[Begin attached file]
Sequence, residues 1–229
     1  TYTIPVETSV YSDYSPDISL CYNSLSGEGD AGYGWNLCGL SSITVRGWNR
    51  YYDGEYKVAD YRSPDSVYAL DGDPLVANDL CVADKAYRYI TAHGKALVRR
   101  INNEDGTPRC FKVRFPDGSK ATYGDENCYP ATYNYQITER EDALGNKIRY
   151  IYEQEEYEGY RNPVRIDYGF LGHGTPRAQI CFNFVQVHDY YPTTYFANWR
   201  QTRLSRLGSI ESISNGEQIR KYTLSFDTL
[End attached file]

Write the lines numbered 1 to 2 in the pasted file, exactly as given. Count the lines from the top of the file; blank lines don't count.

Sequence, residues 1–229
     1  TYTIPVETSV YSDYSPDISL CYNSLSGEGD AGYGWNLCGL SSITVRGWNR